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UK inflation falls to two year low
Inflation fell to its lowest level since February 2010 in April, the latest figures from the Office for National Statistics (ONS) show.
The drop in the Consumer Prices Index (CPI) to three per cent, down from 3.5 per cent in March, came as a result of a fall in air and sea transport, clothing and alcohol, as well as the timing of the Easter holiday.
These drivers were partially offset by an increase in prices from restaurants, hotels and the cost of renting.
The fall in CPI was mirrored by the Retail Prices Index (RPI) - a broader measure often used for setting pay - which fell to 3.5 per cent from 3.6 per cent in March.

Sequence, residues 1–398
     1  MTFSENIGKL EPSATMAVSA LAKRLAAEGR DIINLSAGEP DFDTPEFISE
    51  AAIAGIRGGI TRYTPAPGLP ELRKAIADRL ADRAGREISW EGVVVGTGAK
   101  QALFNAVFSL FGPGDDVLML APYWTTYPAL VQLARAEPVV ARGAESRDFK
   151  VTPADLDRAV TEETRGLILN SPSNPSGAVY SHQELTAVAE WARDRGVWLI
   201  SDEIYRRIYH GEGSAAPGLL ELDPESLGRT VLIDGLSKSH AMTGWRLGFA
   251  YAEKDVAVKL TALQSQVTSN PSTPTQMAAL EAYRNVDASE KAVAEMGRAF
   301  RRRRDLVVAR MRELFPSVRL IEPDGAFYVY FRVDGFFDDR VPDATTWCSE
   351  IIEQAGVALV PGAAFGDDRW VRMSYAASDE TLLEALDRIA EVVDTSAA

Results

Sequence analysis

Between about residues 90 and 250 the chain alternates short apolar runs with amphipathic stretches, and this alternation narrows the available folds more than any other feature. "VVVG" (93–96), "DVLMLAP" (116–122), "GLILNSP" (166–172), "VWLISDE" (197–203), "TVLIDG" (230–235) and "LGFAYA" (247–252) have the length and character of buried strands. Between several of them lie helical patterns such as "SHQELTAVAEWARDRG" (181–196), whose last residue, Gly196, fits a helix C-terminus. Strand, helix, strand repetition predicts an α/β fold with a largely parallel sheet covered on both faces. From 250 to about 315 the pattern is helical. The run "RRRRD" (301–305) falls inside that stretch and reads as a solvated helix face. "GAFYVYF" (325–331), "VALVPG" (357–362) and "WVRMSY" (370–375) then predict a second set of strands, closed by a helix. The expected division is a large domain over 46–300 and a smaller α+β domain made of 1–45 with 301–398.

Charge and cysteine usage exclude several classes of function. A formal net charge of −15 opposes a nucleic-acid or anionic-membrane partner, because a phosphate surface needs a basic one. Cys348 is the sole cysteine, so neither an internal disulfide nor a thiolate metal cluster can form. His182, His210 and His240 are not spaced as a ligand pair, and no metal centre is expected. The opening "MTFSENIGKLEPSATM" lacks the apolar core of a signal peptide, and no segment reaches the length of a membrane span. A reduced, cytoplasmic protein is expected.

Despite falling from its 5.2 per cent peak in September last year, inflation remains well above the Bank of England's two per cent target where it said it will remain 'until the middle of next year.'
It is the first time within this Parliament that the Bank of England will not have to explain to the Chancellor George Osborne why the two per cent target has not been met. The Bank is required to write an open letter to the Government if the CPI rate remains above three per cent or below one per cent for three consecutive months.
Preliminary ONS figures released last month indicated that the UK economy shrank for two consecutive quarters - a technical recession - as a result of higher than expected energy prices and ongoing tough credit conditions from the Euro. The Bank of England said the economy would continue to 'face strong headwinds' from these factors.